The answer to this question came to me as we arrived at a Thursday night, curbside church service in the Lower Ninth Ward on St. Claude Street sponsored by an amazing array of people from the St. Paul Church of God in Christ homeless shelter. This inspiring moment brought tears to my eyes as I began filming at dusk - there is an indomitable spirit that comes out of suffering if you allow it.
The rebuilding of infrastructure is a straightforward matter - the resurrection of human spirit is another. And although so many believed that the triumph of the New Orleans Saints in the Super Bowl heralded a new beginning for the Crescent City, who knew that just two months later BP's Deepwater Horizon would blow, poisoning the waters of the Gulf of Mexico in unimaginable ways? The psychological temperature of the region continues to rise, and the infrastructure to deal with many human needs remains fragile.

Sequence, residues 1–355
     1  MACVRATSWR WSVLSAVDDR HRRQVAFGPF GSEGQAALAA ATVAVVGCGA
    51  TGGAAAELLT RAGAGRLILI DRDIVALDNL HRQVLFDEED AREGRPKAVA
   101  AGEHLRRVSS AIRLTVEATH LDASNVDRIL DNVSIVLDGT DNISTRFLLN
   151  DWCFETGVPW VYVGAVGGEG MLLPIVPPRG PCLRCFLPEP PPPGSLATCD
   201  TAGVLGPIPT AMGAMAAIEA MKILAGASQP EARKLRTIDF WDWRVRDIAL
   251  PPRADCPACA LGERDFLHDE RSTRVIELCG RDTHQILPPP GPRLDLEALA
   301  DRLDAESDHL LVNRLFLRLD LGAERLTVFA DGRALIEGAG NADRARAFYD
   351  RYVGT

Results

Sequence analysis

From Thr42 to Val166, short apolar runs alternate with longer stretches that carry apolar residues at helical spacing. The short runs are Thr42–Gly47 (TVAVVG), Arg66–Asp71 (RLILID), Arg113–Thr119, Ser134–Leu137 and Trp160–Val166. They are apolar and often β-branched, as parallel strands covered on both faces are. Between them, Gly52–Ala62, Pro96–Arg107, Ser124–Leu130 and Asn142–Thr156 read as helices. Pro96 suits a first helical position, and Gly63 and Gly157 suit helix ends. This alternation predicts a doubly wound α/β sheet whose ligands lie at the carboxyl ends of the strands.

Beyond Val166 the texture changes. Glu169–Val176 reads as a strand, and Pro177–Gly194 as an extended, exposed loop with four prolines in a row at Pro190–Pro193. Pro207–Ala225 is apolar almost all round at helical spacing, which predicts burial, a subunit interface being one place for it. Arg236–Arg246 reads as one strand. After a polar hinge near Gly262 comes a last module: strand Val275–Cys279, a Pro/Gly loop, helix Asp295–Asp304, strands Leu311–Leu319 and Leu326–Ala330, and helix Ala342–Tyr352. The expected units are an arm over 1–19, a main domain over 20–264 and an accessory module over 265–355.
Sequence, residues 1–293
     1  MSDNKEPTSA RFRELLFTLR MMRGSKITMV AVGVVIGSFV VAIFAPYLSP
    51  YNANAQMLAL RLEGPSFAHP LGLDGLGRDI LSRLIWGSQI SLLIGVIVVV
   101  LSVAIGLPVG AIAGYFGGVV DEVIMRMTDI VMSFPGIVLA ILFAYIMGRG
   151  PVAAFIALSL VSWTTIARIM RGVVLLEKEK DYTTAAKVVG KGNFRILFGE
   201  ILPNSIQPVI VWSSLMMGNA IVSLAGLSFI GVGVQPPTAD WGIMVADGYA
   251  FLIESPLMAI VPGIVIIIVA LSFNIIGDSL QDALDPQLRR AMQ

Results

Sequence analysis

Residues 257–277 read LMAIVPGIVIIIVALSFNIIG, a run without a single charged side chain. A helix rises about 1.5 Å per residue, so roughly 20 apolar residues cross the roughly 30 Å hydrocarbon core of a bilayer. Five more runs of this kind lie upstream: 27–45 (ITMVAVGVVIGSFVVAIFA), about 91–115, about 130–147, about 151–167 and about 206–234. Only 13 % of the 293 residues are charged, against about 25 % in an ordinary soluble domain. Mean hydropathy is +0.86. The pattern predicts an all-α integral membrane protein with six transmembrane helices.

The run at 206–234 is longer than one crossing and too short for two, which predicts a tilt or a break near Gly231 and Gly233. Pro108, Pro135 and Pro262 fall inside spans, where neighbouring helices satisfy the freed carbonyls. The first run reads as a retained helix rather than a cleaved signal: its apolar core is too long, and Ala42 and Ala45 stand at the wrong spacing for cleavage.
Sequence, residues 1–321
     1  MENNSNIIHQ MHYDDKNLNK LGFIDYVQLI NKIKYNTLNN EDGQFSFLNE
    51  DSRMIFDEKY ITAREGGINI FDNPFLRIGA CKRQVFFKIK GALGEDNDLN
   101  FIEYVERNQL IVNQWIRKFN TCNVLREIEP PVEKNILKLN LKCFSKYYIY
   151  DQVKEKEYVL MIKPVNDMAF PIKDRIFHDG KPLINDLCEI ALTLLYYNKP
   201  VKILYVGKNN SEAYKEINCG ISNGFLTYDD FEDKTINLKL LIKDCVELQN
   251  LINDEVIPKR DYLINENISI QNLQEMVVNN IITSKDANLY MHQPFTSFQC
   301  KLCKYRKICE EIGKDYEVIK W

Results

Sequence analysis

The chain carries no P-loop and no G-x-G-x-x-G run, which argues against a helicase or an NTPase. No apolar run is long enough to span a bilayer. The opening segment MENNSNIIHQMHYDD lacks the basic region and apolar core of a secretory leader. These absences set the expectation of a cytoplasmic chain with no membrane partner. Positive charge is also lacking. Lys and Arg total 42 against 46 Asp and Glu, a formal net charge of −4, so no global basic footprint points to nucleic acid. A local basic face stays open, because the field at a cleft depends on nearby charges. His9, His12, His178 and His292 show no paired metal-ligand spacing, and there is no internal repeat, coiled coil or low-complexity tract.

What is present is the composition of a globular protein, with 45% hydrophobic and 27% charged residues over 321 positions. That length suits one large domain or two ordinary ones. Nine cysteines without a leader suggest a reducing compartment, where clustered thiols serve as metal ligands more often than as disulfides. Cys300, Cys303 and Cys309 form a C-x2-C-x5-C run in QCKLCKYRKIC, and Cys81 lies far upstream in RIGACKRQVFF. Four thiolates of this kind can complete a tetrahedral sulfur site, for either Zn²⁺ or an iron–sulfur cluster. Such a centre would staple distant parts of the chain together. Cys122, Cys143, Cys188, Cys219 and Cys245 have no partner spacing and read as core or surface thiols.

Officer Cecile Tebo of the New Orleans Police Department's crisis intervention unit has had a busy couple of years since Katrina. Her mandate is to intervene on behalf of disturbed citizens on the streets who become a danger to themselves and others around them. She has been called to literally thousands of cases and has become a local hero for her work and commitment to those suffering throughout New Orleans.
Many have described Katrina as a single storm that generated two very different disasters. Although clearly New Orleans is the highest profile city in the region - the devastation that struck South Mississippi was vast and profoundly shocking. Another strange phenomenon that is difficult to get one's head around is how news coverage of Katrina's equal opportunity devastation from the Texas border all the way to the Florida Pan Handle could be supplanted by a myopic focus on New Orleans in the national media.